More brands in China have embraced crossover marketing strategy to explore new customers. While crossover between brands and cultural institutions has seen a growing popularity in this country where national and cultural elements attached to a product have never been more important amid the guochao (or national wave) scene.
As the Mid-Autumn Festival is fast approaching, brands who want to leverage this trend are gearing up to showcase their dedication to Chinese heritage by infusing traditional culture into modern products.
Lyfen, known as Laiyifen in Chinese, which means “get one share”, is China’s biggest snack food retailer. For this year’s Mid-Autumn Festival marketing, the brand launches a campaign that “brings together the West and the East”.
In partnership with The Metropolitan Museum of Art (The Met) – the largest art museum in New York, and Shanghai Museum which displays ancient Chinese art, Lyfen introduces gift mooncake boxes where mooncakes are printed with artworks collected in both museums such as the statuette of a hippopotamus called William at The Met and the Da Ke Ding, a 2000-year-old bronze tripod from Shanghai Museum. The package of the boxes is inspired by Vincent van Gogh’s painting Irises and Viewing moon by a plum tree by Yu Ji.
The product is endorsed by its brand ambassador Wang Yibo, a Chinese actor and a member of the South Korean-Chinese boyband UNIQ and it is released on Tmall’s Little Black Box, or Hey Box, the ecommerce platform’s gateway for product debuts.
Similarly, Häagen-Dazs China teams up with The Louvre Museum to introduce an ice-cream mooncake gift box that draws inspirations from artworks including Mona Lisa, Athena and Nike of Samothrace.
Unlike Lyfen whose festival campaign is largely based online, Häagen-Dazs opens an offline mini Louvre-themed Museum through Tmall Super Brand Day where participating brands are given a 24-hour period to offer unique experiences, flash sales and special offers on the Tmall storefront. The mini museum recreates some of the iconic collections at Louvre Museum while offering a virtual exhibition for visitors to view the real artwork through an immersive environment and engages participants with lucky drawings through Hey Drop, a feature on Tmall Little Black Box.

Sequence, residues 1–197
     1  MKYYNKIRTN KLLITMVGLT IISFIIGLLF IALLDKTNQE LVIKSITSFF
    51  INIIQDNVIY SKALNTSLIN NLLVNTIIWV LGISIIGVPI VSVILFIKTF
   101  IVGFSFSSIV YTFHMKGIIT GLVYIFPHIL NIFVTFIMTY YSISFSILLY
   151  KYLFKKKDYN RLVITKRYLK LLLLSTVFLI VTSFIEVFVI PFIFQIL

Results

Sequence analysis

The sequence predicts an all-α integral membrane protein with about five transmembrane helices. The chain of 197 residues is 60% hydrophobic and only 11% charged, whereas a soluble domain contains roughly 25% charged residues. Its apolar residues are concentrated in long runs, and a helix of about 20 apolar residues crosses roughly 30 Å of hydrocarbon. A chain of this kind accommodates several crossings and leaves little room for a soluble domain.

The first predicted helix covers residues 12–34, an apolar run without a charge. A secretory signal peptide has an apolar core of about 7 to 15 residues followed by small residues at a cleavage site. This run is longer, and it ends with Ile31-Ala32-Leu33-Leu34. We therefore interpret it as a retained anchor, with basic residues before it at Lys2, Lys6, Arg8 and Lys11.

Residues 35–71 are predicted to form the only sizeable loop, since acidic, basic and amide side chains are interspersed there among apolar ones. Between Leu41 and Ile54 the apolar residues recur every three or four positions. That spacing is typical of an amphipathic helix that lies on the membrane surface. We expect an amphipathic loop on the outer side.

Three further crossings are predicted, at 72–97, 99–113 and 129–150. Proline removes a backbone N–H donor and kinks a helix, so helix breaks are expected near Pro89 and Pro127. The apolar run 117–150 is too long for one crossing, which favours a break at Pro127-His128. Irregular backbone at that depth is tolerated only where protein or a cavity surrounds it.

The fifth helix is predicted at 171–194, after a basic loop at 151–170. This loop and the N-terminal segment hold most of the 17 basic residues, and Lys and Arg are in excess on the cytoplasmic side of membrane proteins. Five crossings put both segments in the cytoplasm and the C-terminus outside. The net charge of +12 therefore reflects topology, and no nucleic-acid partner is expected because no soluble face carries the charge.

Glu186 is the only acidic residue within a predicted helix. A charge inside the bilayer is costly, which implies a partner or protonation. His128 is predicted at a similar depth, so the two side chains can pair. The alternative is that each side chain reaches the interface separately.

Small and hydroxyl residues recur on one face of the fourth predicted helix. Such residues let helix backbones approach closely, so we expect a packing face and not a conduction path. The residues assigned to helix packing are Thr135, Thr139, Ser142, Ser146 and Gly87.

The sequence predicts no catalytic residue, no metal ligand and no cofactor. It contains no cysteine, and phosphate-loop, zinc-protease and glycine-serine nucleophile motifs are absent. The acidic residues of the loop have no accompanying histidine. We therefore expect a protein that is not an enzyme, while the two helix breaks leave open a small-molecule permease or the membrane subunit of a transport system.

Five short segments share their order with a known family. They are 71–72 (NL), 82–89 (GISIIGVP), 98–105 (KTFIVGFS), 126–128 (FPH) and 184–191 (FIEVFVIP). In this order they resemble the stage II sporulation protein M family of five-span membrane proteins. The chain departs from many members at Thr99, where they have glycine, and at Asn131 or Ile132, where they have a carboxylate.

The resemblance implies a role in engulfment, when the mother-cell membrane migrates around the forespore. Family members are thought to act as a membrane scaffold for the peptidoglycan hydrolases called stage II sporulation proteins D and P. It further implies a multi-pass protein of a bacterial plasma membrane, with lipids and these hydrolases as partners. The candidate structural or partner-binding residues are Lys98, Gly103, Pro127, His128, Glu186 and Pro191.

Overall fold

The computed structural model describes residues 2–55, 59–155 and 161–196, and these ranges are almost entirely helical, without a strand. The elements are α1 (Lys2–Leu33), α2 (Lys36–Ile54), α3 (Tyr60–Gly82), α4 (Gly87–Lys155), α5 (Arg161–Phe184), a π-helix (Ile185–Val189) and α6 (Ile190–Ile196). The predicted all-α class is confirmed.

Despite the similar strategy, the outcome of the two campaigns turns out to be different. The overall engagement at Lyfen is seven times as many as that of Häagen-Dazs’s. There is also more content generated by top-tier KOLs in Lyfen’s campaign.
Compared to Lyfen whose campaign is clearer and more focused around this traditional festival, and delivers in a persistent manner, content on Häagen-Dazs’ Mid-Autumn Festival campaign seems to be distracting. Unlike Lyfen’s campaign slogan #来伊份礼遇东西#, or “A gift from Lyfen that brings together the West and the East”, which runs throughout its campaign, Häagen-Dazs’ #调出位宠自己# or “Mixing your own flavours and indulge yourself” is shared by several different campaigns. During its delivery of the campaign, its content is a mixture of posts about different collaborations and updates on other ice-cream products.
The use of brand ambassadors might also contribute to the difference. Although Wang Yibo has nearly twice as many followers as Häagen-Dazs’s brand ambassador Liu Xinyu does, the singer who is at the centre of the Chinese girl group THE9 shows similar ability to drive online engagement.
By including Wang in a campaign video, Lyfen integrates the resource of its brand ambassador with campaign’s theme. Whereas Häagen-Dazs, rather than leveraging the singer’s fanbase in this promotion, creates another campaign that features Liu for the same festival, which does not show any link to its collaboration with Louvre Museum. This distraction has also downplayed the traditional cultural value of this festival campaign. And its mixed messages may have caused confusion to its audience and therefore, leads to a less effective outcome.
Both brands have tapped into the guochao trend and have taken crossover marketing to a higher level by collaborating with western cultural institutions for the traditional Mid-Autumn Festival. While by cleverly imprinting artworks into mooncakes, Lyfen’s campaign has successfully combined resources from its cultural institution partners. In the meantime, its effective use of brand ambassador also enhances the engagement of the campaign and allows a clear and persistent delivery.